MR. ROTHENBERG
Well, that's particularly the case inside the Washington Beltway, inside Washington, D.C. Democrats in town here felt that Al Gore had the 2000 race to win, that he lost it, that he was a poor candidate, a poor campaigner, and that he would lose again. I think in the rest of the country there was some greater sympathy among Democrats to the former Vice President. But inside here, where the opinion-makers are, where the strategists are, they thought he was a loser. And he certainly understood that there was sentiment like that.

MR. BORGIDA
Stuart, our listeners and viewers have heard the name Al Gore for quite some time. He comes from a political family. He said at one point during his news conference, "I'll never say never," referring to his political future. How would you assess what he is doing and the road ahead? I believe he is just 54.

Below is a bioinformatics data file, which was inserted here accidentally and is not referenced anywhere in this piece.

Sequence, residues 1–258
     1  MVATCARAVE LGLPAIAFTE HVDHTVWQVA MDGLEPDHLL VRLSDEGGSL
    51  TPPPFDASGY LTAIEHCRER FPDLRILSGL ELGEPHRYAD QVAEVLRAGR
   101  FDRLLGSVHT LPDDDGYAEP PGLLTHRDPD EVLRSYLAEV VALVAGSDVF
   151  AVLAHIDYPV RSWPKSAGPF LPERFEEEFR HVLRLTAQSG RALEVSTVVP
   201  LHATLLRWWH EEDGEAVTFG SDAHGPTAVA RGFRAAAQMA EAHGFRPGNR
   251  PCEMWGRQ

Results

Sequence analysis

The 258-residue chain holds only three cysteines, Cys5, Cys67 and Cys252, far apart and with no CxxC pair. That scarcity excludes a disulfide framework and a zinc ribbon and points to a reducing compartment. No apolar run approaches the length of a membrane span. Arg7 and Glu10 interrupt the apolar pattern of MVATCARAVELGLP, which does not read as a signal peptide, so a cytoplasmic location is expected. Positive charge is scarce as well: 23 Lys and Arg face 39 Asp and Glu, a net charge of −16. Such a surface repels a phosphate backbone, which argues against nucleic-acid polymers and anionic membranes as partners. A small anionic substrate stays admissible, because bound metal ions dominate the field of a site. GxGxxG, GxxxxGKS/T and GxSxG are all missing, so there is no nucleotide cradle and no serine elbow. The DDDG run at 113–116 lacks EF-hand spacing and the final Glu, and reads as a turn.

MR. ROTHENBERG
He is. I wouldn't close the political book on Al Gore. I know he has said that this is probably his last shot for running for president. He has decided not to take it. He is moving on with his life. But, David, I have to tell you, I've heard politicians say similar things. He is a young man. 2008 rolls around, he would be about 60 years old, certainly not too old to run for president. I think we have to see what Al Gore does, whether he is comfortable with the next few years, whether he is itching to get back, and who else is in the race. I would not rule him out for the future.

MR. BORGIDA